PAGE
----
Premium Partners

Why Moisture Matters During a Wood Floor Installation

Jason Spangler
Because you want the natural beauty of your hardwood floor to last, it is vitally important that you pay attention to moisture.
Because you want the natural beauty of your hardwood floor to last, it is vitally important that you pay attention to moisture.

Because you want the natural beauty of your hardwood floor to last, it is vitally important that you pay attention to moisture.Because you want the natural beauty of your hardwood floor to last, it is vitally important that you pay attention to moisture.

Using a pinless wood moisture meter will give fast moisture readings and won't mar your wood with unsightly pinholes.Using a pinless wood moisture meter will give fast moisture readings and won't mar your wood with unsightly pinholes.

If installing a wood floor over concrete, make sure you also evaluate the moisture condition of the slab by conducting an in situ relative humidity test.If installing a wood floor over concrete, make sure you also evaluate the moisture condition of the slab by conducting an in situ relative humidity test.

The following content was provided by one of our advertising partners. To learn more about sponsored content, click here.

"Hygroscopic"—it's probably not a word that comes to mind while prepping for a wood floor installation. But it is wood's one characteristic that you can't afford to ignore. That is, if you want your hardwood floor to maintain its natural beauty and functionality for the long haul.

In a nutshell, being hygroscopic means wood readily absorbs or releases moisture depending on the surrounding conditions. In a cold, damp room, you can expect the wood to soak up added moisture. Conversely, if the interior environment is warm and dry, the wood will tend to get drier in response to the surroundings.

If you install wood with a moisture content (MC) significantly different than your room's ambient conditions, you can be sure that the hygroscopic nature of the wood will kick in—either absorbing or releasing moisture. That means you may later find yourself facing a serious moisture-related flooring problem, such as buckling, crowning, warping, cracking, splitting, mold or mildew.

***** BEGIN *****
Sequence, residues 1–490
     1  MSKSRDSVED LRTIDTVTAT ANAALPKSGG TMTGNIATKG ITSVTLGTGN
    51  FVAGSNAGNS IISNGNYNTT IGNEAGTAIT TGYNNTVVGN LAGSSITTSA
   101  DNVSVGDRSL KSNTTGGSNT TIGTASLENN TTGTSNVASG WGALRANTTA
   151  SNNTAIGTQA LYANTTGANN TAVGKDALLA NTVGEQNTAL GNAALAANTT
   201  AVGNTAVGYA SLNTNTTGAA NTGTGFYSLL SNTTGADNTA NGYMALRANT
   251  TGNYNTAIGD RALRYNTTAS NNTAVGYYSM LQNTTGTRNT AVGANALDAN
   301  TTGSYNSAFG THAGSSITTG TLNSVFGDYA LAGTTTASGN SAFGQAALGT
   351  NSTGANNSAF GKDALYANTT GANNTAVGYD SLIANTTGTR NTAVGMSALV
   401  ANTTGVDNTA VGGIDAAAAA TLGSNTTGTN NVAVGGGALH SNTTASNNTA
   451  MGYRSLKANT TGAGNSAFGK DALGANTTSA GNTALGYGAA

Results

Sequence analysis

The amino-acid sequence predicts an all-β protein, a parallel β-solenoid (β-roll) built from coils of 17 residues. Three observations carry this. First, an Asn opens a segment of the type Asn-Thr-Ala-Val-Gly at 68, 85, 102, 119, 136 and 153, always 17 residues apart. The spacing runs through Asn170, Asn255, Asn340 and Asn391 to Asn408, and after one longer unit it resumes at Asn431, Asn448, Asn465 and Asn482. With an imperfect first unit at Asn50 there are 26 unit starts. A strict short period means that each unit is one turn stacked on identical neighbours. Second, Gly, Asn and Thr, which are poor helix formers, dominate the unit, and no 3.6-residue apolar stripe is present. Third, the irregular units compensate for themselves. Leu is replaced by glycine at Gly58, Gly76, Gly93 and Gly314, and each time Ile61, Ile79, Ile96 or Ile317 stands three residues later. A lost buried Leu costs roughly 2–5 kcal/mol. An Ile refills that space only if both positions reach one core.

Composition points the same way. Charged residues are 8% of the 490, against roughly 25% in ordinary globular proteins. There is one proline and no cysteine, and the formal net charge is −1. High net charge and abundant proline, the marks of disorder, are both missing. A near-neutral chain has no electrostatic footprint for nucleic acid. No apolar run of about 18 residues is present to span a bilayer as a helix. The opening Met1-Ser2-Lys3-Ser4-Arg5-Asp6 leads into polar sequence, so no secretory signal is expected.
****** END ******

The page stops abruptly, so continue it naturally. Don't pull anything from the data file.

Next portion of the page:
Fortunately, proper precautions can nearly always prevent these issues. Your first line of defense is to allow time for the wood flooring to acclimate to the interior environment. Taking MC measurements (expressed as a simple percentage based on the weight of the water relative to the dry weight of the wood) gives you the information you need about your wood's readiness for installation.

Your goal should be for the wood to be close to a target MC where the wood is neither absorbing nor releasing moisture. This target, known as the equilibrium moisture content, or EMC, is based on ambient temperature and relative humidity. Typically, EMC will be in the range of 6–9%, although this will vary by geographic region.

Using a handheld moisture meter makes it extremely easy to get accurate moisture measurements. You can use one of two types of meters: pin or pinless. For wood flooring, a non-damaging pinless meter, such as the Orion 950, is ideal. It will give fast readings and won't mar your wood with unsightly pinholes.

One other essential consideration for a successful wood floor installation: If the subfloor is concrete, be sure to evaluate its moisture condition using an in situ relative humidity test kit, such as the Rapid RH L6. Otherwise, you may be at risk for a moisture-related flooring failure.

For more information about measuring moisture prior to installing a wood floor, visit WagnerMeters.com.

Resource Book
Looking for a specific product or a company? Wood Floor Business has the only comprehensive database of the industry.
Learn More
Resource Book